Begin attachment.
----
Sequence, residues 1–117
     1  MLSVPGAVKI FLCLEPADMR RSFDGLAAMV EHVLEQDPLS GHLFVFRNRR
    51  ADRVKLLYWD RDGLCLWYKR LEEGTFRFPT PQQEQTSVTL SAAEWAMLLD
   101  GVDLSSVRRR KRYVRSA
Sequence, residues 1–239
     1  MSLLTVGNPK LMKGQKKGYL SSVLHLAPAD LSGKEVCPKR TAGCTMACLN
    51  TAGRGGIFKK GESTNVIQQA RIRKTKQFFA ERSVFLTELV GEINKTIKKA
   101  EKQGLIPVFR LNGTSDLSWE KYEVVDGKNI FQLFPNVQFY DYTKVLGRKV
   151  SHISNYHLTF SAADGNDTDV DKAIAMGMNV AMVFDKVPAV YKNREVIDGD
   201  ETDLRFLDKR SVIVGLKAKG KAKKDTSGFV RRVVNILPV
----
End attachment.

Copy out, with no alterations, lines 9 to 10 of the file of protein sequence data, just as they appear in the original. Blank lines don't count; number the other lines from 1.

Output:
   151  SHISNYHLTF SAADGNDTDV DKAIAMGMNV AMVFDKVPAV YKNREVIDGD
   201  ETDLRFLDKR SVIVGLKAKG KAKKDTSGFV RRVVNILPV